Science on the Playground

“How does the world work, and how do I fit into it?” This is the daily, living question of the young child. We can allow plenty of time and plenty of space for our children to wonder, to explore, to experiment, to keep trying, to learn. And isn’t much of learning discovering the right questions to ask? In this way, the questions remain alive; the “answers” are part of an on-going process. When we allow this hands-on exploratory learning, and do not limit  the questions or answers with our linear adult concepts, the children learn in the same way Mother Nature herself learns: through scaffolding, or “serial functional progression.” The answers become a platform for the next set of really interesting questions. Our children experience themselves as avid students of life.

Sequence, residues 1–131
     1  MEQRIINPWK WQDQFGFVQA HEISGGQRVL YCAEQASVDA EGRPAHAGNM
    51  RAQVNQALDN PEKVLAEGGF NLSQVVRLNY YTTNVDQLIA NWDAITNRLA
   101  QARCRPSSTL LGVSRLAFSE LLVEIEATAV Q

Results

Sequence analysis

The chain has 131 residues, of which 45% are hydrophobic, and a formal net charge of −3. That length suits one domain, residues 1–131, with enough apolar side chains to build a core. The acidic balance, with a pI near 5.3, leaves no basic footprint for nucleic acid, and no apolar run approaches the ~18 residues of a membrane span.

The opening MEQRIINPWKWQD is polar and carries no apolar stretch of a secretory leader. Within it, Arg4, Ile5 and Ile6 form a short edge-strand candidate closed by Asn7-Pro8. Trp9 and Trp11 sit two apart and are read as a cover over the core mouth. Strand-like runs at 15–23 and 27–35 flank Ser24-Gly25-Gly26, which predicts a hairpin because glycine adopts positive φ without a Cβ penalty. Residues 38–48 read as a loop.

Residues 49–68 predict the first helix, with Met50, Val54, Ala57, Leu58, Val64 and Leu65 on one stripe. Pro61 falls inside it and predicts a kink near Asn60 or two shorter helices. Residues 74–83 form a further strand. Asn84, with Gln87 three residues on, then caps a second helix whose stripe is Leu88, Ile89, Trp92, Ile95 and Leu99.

In these photos we see the Universe hard at work: How many stumps, boards, bricks and pine cones does it take to make the see-saw go down and the children go up? How do “up and down” operate, and what is the relationship between stumps, elbow grease and results? And what might be the relationship between the big black bugs and the small brown one (in the blue bowl)?  When we learn to live the questions, life is rich!

1 Comment

  1. Cindy Jackson
    Posted September 29, 2011 at 12:47 pm | Permalink

    Having the privlege to see this exact fulcrum experiment in process and progress through out the morning was astounding. The mixes of ages of children participating as they could bringing things, changing arrangements, advising, watching, cheering made this a social experiment as well as a scientific one.

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